Six sins of forming Scrum Teams
A Scrum Team is not just a set of random people that work in the same company. It is a specific group that meets a bunch of conditions. Rules and guidelines of Scrum Teams creation are well described by Scrum methodology. I have talked to different people about it over the years and I noticed that there is a set of common misunderstandings regarding Scrum Teams. If you look around, you may notice some of them.
Sin #1 - silos of competencies
It happens when a company wants to be Agile but does not understand the philosophy yet.
- if you notice a team of DBAs, a team of Java developers, a team of business analysts, this is the case,
- employees with the same competencies are grouped together so they could work on the same set of tasks.
It is a sin because a Scrum Team does not work on tasks. It works on user stories which require various competencies not just one set. A Scrum Team must be cross-functional which means that it should include people with different competencies so they could cope with any user story without engaging specialists from outside the team.
Sin #2 - too small team
- work cannot be peer reviewed as there is no second person in the team with similar competencies,
- even when one person takes a day off, completing user stories becomes problematic not because of reduced team capacity but lack of competencies.
The latest Scrum Guide recommends to have a team with 3 to 9 members. Although 3 is not prohibited in Scrum, it does not make sense in some cases. It may work fine when user stories do not require a wide spectrum of competencies, for example the application uses Java without any sophisticated database. Hiring real full stack developers also justifies 3 as a team size. But if you observe above symptoms, profoundly think about expanding the team.
Sin #3 - too big team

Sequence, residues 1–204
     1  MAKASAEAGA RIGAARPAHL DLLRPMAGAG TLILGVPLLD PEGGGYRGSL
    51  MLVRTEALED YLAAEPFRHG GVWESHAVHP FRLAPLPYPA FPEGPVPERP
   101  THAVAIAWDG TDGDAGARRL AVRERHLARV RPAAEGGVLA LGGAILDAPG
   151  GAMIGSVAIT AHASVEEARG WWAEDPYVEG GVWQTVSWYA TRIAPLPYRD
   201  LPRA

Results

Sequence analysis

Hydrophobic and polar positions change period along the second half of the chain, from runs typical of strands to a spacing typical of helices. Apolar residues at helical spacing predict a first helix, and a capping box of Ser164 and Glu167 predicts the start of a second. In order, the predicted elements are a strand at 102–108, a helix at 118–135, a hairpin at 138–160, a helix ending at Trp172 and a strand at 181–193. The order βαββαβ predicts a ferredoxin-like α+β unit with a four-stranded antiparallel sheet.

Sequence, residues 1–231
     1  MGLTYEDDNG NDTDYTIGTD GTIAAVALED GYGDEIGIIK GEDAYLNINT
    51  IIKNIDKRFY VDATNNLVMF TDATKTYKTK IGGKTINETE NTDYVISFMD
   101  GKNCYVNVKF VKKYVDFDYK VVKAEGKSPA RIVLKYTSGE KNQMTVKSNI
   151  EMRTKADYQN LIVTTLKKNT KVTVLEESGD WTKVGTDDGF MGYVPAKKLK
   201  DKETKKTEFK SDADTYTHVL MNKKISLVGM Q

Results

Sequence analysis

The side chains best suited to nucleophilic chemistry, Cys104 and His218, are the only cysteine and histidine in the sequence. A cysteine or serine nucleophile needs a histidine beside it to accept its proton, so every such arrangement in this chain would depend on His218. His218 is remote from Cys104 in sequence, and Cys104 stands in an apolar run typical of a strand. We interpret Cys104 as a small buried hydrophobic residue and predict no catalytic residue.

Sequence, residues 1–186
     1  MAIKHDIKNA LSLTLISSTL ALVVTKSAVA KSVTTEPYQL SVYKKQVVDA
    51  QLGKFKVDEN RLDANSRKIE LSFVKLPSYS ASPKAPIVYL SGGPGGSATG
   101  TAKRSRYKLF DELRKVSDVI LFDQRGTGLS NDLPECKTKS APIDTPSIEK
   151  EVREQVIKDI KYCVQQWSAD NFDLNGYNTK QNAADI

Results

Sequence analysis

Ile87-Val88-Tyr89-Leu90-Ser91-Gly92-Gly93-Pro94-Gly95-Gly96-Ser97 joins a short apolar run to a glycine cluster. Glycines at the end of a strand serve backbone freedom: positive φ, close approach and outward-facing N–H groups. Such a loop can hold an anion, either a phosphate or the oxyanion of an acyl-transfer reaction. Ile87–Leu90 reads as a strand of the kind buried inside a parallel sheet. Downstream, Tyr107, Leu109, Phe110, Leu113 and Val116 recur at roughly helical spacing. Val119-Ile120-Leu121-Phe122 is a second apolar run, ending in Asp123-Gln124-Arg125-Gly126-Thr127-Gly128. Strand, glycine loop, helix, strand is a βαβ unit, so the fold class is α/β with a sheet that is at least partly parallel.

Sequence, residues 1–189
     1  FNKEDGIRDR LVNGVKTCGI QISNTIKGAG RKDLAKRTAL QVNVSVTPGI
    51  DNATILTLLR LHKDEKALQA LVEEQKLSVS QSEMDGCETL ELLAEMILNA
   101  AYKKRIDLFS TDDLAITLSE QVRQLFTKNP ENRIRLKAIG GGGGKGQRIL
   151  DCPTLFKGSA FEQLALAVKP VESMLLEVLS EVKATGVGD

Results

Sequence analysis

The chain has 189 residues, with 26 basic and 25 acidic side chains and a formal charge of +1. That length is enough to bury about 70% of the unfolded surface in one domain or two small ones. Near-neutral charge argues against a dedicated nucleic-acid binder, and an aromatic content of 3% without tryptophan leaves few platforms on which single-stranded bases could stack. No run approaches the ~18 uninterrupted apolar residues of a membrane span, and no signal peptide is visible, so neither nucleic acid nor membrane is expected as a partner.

- it is hard to finish Daily Scrum meetings in 15 minutes,
- team members get bored and check emails on their phones during Daily Scrum meetings,
- people do not feel they have a common sprint goal,
- sprint planning is difficult as the team is not sure how many stories they can handle.
Maximum team size allowed in Scrum Guide is 9. If your team is larger, you should definitely try splitting it. Even if it fits the range but you observe the symptoms, consider splitting it. Connections between members in big teams are weaker. It is more difficult to self organize in a big group so you loose efficiency.
Sin #4 - multiple Product Owners
- arguments about priorities on Spring Planning meetings,
- last minute changes in the backlog made by one Product Owner that surprise the other one,
- inability to order the backlog because it is difficult to say which of these items are less important.
A team must always has one and only one Product Owner. Scrum Team with a proper size is able to work on items from only one Product Owner. If you think differently, you are probably missing a business analyst not the second Product Owner. It is important to have only one PO to avoid conflicts in priorities.
Sin #5 - no Product Owner
- the backlog is a mess,
- the product has no vision, the team does not understand it's business value,
- nothing important to show on Sprint Review meeting; people are constantly dissatisfied with the product increment produced in each sprint.
Product Owner is necessary to assure that sprints are invested in the right place. Without a strong PO role, a team may work for a long time, making unnecessary and minor changes to the application without increasing it's business value.
Sin #6 - remote team members
- waiting on a Daily Scrum meeting to discuss topics instead of reaching out a person,
- a lot of misunderstandings and forgotten actions,
- some decisions and arrangements do not reach all team members.
Remote team members makes team communication harder even if you try as much as you can to prevent it. Discussing everyday work over a phone or a video conference can be effective but not as effective as a face to face conversation. On the other hand, it does not mean that the whole company must be collocated. If employees are spread over the world for some reasons, teams may be formed locally so each group has local members. For example. Team A, B and C are located in Germany, Team D is located in Brazil. Avoid mixing members from different locations.
Although, a Scrum Team can be created with a minimum amount of effort, it is crucial to do it wisely. I hope the above anti-patterns will help you avoid common mistakes in following Scrum. Good luck!
Check also other anti-patterns in Scrum: